The Hunt for the Leopard

Over the weekend we were fortunate enough to travel to Murchison Falls National Park in Uganda, a 6 hour drive north of Kampala. We stayed at the Chobe Lodge, a wonderful hotel located on the banks of the River Nile. It wasn’t uncommon to hear the grunts and calls of hippos while we took a meal on the terrace overlooking the river.

On Saturday, we were joined by a local AK-47 toting ranger named Henry. He was an experienced guide who led us on a photo safari through the wildlife reserve, pointing out many interesting animals we encountered including numerous birds, elephants, warthogs, various species of antelope, and a rather shocking number of giraffes.

Throughout our time in the park, we were hoping to see either lions or leopards, with the leopard being a much rarer sight, especially during the day. During our travel through the park, Henry kept an eye out for what he called “leopard trees.” Leopards tend to favor trees with wide, low branches. Leopards are solitary hunters and after a successful kill, they drag their catch up into the branches of a tree to be eaten at the leopard’s leisure.

It was late morning when Henry spotted a dead antelope dangling from the branches of a tree. He instantly recognized it as a leopard’s kill. We searched the area but the predator was nowhere in sight, so we continued our trip through the park.

We returned a few hours later at the perfect moment. The leopard was climbing down the trunk of the tree Henry had scouted earlier! Initially it hid in some brambles at the base of the tree, eyeing us wearily. A moment later it began walking slowly across the clearing near the tree, towards nearby brush. The leopard continued to keep an eye on us as it strolled towards cover. It was such a beautiful, powerful creature and we were very fortunate to see it in the wild. It was only thanks to Henry’s keen eye and years of experience that we had such an amazing opportunity.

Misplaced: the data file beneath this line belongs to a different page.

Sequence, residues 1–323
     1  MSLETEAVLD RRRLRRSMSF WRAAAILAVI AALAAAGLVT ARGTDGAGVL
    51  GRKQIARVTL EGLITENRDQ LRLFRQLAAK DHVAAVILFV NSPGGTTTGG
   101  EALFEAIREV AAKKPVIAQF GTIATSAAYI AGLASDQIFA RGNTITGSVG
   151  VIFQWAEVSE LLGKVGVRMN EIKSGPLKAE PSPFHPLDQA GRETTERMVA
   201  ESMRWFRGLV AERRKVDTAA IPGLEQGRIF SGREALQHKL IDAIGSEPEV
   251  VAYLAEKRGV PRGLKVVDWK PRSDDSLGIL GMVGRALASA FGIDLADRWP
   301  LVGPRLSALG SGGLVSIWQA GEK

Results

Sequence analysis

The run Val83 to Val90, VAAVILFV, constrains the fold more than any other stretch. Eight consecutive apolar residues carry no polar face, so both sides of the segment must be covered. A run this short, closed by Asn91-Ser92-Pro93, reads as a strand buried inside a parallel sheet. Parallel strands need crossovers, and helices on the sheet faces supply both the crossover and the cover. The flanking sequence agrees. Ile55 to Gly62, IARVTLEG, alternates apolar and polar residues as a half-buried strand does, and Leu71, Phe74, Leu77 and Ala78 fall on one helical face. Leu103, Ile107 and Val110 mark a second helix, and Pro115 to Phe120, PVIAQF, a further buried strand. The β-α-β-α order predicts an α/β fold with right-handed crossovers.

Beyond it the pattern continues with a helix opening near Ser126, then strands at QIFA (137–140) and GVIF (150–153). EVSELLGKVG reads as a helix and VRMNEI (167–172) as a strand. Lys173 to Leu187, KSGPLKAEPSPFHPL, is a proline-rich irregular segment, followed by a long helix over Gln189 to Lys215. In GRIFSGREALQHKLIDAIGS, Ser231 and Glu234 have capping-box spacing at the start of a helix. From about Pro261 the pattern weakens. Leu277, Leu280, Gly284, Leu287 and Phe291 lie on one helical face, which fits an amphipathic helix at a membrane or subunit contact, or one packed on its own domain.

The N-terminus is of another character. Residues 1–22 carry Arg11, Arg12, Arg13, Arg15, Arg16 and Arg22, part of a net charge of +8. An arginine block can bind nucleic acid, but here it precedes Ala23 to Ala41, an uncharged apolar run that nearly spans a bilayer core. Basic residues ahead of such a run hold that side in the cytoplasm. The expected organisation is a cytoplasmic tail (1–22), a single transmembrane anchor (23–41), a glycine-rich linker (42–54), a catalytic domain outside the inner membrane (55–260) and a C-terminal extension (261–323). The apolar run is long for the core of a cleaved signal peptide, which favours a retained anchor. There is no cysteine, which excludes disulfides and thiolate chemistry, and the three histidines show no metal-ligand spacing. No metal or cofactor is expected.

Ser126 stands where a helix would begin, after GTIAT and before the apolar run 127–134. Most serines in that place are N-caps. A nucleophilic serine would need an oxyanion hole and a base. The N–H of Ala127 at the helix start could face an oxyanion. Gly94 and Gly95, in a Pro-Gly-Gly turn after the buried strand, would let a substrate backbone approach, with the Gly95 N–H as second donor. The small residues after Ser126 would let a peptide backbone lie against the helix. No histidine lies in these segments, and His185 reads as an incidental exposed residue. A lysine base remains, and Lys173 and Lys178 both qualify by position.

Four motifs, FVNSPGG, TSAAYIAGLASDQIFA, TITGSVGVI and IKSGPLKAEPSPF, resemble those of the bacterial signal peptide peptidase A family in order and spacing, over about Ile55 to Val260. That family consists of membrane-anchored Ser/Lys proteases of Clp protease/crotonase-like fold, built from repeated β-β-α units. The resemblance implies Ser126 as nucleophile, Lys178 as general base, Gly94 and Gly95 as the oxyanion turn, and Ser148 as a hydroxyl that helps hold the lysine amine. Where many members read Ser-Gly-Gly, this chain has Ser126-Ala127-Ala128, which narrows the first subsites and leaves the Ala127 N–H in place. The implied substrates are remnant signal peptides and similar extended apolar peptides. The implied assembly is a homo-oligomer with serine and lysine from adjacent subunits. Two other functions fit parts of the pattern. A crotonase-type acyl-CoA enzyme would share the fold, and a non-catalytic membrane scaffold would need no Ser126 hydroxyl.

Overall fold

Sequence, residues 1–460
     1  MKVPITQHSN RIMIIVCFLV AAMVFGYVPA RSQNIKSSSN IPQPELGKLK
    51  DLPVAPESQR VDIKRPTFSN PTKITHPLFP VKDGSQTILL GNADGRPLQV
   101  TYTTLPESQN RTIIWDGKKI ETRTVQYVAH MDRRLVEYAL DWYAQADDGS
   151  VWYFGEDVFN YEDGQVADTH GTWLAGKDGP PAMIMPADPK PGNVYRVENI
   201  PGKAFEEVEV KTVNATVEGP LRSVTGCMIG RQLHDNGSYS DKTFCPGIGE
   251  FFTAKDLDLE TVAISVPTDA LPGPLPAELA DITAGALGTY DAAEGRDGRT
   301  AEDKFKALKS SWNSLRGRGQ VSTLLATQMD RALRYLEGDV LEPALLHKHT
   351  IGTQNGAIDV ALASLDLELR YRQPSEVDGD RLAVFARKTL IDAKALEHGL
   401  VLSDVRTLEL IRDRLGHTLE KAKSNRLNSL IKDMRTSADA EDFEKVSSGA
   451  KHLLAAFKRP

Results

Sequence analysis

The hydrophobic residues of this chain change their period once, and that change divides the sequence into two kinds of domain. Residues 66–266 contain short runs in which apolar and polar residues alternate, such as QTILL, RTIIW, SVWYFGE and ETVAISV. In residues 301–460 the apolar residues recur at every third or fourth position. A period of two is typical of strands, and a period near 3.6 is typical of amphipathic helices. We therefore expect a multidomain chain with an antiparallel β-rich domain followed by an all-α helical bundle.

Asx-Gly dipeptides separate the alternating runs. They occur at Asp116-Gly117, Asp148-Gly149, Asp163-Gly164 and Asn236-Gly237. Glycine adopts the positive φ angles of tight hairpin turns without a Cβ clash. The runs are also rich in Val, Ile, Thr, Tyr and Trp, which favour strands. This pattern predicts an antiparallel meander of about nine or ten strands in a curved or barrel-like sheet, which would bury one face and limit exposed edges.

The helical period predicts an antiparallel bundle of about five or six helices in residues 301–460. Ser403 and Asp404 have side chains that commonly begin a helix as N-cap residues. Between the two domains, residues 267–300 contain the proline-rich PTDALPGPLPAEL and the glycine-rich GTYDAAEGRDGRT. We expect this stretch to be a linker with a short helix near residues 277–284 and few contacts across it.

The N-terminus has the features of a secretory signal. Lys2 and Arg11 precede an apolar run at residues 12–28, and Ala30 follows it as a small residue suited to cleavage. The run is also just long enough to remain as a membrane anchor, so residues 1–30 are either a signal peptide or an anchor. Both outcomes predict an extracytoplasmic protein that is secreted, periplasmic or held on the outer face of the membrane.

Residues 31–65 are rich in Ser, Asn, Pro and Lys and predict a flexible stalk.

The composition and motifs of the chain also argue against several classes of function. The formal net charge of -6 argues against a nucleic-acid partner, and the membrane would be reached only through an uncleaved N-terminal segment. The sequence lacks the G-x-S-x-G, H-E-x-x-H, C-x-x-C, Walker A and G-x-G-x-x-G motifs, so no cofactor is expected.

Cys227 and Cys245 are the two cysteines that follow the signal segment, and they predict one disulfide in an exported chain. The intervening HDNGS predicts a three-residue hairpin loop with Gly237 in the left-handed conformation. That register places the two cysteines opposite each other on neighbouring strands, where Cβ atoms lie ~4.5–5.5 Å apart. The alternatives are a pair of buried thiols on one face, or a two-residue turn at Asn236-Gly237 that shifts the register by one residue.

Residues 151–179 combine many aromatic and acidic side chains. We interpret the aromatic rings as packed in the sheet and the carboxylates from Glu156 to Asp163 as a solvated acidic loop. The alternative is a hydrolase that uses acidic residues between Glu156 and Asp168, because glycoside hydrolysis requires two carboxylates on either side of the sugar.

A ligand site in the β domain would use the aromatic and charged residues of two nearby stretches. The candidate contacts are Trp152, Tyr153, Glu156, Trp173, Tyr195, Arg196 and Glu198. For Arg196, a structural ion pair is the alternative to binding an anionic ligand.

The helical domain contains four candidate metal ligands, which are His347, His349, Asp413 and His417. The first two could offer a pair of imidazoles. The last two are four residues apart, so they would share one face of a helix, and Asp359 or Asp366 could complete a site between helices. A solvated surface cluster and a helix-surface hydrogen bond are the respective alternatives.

The Animals of Kampala

Kampala, the capital of Uganda, is a bustling, cramped city of approximately 1.5 million people located on the northern shore of Lake Victoria. Our study group has been exploring the city during our first week here: visiting important cultural & historical sites, shopping at craft markets, and sampling the delicious cuisine available in the city’s restaurants. During our adventures, one particular aspect of life here has stuck out to me: the abundance of animal life interwoven into the fabric of Kampala society.

Many economically disadvantaged Kampalans practice urban animal husbandry, raising animals like cows, chickens, and goats in the city’s cramped quarters. Raising domesticated animals provide these farmers with additional income and a stable food supply. Animal husbandry provides an economic boon in an area that may not have many others to offer.

However, wild animals also thrive in Kampala. Numerous bird species make their homes here, taking up residence on rooftops, in trees, and in trash piles around the city. One such species of note is the majestic marabou stork. The marabou is a large bird, with a wing spread of around 7-10 feet. It can be spotted in the fields, drains, and trash piles of the city. Similar to a vulture, the marabou has a bald head and neck, which keeps it lean it when scavenging in refuse or carrion.

One final bird that has earned a special place in the hearts of my classmates is the hadada ibis. A flock of these grey-feathered birds seems to live near our guest house. The Ibis’ distinctive cries can be heard at anytime from dawn until dusk when the birds are in flight or at rest. The species is notable for inhabiting both the wilderness and urban & suburban areas of sub-Saharan Africa.